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Good Credit Saves Money

Faith & Finance (formerly MoneyWise)

Christian talk radio with Rob West

November 29, 2022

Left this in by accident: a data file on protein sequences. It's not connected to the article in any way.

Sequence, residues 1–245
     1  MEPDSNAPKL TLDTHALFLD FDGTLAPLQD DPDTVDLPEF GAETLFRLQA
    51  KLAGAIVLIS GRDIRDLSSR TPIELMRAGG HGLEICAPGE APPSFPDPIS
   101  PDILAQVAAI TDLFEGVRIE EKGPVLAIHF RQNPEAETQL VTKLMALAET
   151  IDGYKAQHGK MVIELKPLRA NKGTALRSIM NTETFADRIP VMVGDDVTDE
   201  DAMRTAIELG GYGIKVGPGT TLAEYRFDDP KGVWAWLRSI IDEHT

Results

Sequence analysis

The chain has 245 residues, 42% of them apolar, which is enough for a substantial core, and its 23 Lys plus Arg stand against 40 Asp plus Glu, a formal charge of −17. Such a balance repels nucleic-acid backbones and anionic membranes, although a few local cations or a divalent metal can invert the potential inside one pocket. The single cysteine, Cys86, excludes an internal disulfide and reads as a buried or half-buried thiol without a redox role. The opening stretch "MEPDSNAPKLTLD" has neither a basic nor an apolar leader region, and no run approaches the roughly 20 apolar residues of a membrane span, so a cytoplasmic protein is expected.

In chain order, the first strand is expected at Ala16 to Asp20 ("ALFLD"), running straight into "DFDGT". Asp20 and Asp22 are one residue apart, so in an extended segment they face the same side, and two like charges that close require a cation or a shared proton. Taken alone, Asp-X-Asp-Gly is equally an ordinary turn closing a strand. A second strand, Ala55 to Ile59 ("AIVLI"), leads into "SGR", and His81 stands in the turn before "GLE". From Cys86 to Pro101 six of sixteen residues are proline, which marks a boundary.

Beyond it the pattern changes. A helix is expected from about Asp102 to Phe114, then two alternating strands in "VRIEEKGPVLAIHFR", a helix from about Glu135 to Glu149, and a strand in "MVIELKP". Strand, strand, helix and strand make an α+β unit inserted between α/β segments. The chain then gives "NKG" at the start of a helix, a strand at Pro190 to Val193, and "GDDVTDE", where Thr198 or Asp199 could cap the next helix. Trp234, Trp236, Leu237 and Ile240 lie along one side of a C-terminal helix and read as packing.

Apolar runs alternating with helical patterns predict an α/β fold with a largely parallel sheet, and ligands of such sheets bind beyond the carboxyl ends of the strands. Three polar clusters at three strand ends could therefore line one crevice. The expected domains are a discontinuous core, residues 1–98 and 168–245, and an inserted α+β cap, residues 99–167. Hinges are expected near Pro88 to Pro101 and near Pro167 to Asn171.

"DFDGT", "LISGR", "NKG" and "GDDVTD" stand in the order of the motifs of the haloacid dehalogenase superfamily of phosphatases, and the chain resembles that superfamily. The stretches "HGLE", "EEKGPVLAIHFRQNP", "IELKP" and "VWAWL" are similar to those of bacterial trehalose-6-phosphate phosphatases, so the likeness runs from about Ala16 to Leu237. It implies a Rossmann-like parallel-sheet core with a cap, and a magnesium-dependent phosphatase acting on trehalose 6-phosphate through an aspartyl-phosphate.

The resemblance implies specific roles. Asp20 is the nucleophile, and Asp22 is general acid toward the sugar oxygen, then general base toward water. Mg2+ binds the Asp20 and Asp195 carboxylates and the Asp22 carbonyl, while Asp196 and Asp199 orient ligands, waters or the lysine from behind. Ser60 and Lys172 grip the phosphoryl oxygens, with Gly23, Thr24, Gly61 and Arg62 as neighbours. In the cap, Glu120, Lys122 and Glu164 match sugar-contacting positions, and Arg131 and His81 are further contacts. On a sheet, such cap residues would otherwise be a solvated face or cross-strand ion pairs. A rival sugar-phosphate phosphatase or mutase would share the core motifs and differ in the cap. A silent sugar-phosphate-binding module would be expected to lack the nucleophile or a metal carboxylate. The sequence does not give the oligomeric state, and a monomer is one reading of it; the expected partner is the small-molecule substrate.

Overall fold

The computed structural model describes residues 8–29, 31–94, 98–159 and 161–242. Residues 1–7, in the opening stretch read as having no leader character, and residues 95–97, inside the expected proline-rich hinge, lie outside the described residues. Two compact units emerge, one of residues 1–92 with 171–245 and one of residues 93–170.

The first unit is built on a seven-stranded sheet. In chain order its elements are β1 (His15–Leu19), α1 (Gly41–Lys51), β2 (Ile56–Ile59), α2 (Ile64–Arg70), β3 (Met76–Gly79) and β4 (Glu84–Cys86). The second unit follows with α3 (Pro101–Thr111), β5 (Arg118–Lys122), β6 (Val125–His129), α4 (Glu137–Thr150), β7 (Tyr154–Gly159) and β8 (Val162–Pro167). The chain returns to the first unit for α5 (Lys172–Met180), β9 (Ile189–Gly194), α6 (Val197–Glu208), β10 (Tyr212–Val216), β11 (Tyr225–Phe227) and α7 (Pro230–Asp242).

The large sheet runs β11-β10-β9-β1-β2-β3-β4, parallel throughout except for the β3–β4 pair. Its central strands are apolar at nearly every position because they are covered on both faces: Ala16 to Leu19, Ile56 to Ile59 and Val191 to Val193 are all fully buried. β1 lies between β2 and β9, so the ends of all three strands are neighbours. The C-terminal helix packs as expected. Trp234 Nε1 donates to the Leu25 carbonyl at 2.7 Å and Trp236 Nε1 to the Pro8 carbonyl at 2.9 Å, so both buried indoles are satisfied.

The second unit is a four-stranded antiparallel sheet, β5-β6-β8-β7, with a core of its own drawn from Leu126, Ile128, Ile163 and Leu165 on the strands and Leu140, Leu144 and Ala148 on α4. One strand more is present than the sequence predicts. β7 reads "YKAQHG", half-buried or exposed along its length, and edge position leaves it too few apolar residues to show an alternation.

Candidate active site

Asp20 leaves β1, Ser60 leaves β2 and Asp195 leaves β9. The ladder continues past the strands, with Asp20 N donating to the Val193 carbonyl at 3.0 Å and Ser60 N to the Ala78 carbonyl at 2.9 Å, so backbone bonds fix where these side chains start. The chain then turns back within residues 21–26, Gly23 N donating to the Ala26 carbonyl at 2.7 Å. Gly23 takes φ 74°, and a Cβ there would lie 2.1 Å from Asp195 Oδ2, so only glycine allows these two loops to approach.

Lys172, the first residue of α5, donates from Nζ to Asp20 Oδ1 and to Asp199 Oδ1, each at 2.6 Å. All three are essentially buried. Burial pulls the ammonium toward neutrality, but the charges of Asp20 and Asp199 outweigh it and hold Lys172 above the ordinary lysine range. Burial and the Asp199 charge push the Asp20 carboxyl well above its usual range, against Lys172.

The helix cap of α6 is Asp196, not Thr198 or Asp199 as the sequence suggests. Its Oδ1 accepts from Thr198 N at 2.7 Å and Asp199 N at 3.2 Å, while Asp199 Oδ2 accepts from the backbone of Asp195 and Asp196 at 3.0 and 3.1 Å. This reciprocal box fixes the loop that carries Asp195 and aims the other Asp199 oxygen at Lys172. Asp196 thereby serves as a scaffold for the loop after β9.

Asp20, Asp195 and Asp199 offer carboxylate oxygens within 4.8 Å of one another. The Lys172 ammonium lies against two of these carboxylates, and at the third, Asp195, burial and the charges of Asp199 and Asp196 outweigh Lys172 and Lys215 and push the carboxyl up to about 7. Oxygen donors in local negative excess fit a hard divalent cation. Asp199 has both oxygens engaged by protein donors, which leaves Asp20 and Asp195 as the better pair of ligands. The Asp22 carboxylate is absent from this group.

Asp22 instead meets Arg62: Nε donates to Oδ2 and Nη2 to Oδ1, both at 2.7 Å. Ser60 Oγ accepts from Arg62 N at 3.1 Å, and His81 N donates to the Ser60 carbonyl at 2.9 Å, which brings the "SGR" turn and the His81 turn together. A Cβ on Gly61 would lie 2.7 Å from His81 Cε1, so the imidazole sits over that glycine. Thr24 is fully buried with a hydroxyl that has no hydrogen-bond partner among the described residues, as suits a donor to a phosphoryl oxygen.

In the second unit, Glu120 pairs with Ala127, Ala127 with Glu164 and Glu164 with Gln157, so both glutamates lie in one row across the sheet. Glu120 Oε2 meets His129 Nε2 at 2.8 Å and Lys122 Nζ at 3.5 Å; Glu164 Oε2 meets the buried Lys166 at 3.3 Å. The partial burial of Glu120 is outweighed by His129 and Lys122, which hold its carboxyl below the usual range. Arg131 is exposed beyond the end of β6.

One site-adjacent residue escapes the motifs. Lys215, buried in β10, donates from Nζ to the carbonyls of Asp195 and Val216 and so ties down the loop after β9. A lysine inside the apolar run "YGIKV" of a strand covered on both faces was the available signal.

One number can save you a lot of money: Your credit score. But how do you go about building or improving credit? We’ll tell you today on MoneyWise. Your credit score is how lenders judge you. The higher your credit score, the lower the interest rate you’ll be offered when you apply for loans, credit cards, and mortgages. That much you probably knew. What many people don’t realize, however, is that these days, your credit score may also determine what you have to pay for home and auto insurance. And increasingly, employers are using candidates’ credit scores in their hiring decisions. A candidate with a high credit score might be offered a job over someone else, all other qualifications being equal. That also translates to more money in your pocket. To build or raise your credit score, the first thing you should do is get a basic understanding of how the credit system works. And for our purposes, let’s concentrate on your FICO credit score since it’s the one most lenders use. It’s based on the information held in your credit reports at the three credit bureaus, Experian, TransUnion, and Equifax, and ranges from 300 to 850. Anything lower than 580 is poor. A score between 580 and 670 is fair. A score from 670 to 740 is good. A very good score is anything between 740 and 800. And if you have a number higher than 800, you have an excellent score. Your score indicates the likelihood that you’ll repay money that’s loaned to you. That number is based on five factors: 1. Your payment history and whether you’ve made any late payments 2. the length of time you’ve had each account 3. Your balances versus your available credit 4. The types of accounts you have 5. And the number of new accounts. But what if you don’t have any of those items in your credit report? It’s a chicken and egg kind of thing You can build credit by opening a secured credit card. It has a credit limit equal to the amount of money you deposit in a designated savings account, and the bank uses that as collateral. It will then allow you to make charges on the card up to that limit. But you don’t want to do that. Instead, just make one routine (budgeted) charge a month and then pay it off in full when the bill comes in. Now, you want to make sure the card is one where the bank reports your activity to the credit bureaus. That’s usually the case with secured cards, but check to be sure. Once you start using the card the way we described, you begin to build a solid credit history. You can also get something called a credit builder loan. If you go to the website Self. inc they’ll help you set it up. By the way, you can also get this type of loan from some banks and credit unions. Here’s how it works: You apply for and get the loan, usually the amount is from $300 to $1000. When approved, you don’t actually get the money. It’s put into a CD and you make monthly payments that are reported to the credit bureaus as loan payments, building your credit history in the process. When the loan’s paid off, you get the money you’ve paid into the CD plus a little interest minus a fee the bank charges. So it works like a secured credit card, but for an installment loan. Having both would build a favorable credit history and score even faster. You can also become an authorized user of someone else’s credit card to build a credit history. Usually, that’s a parent or some other family member. Just make sure that person has a solid credit score. And you don’t have to actually use the card. As long as the primary owner uses it and makes regular, on-time payments, you’ll get the benefit of good reporting on your credit. If you have a low credit score, the steps to increase it are simple. Make all of your payments on time. Pay extra so you reduce the amount owed versus your available credit. For credit cards, you always want that below 30%. Do that and your score will begin to rise. Of course, it takes time to build or establish a good credit rating so you have to be patient. On today’s program, Rob also answers listener questions: ● Does it make sense to put a portion of your savings into an I-bond? ● Is it okay to accept a financial gift from your adult children? ● How should you handle or invest a large sum of money from the sale of a house? ● How can you ensure that you’re getting the best possible auto insurance rate? RESOURCES MENTIONED: ● Treasurydirect. gov ● Thezebra. com ● PolicyGenius. com

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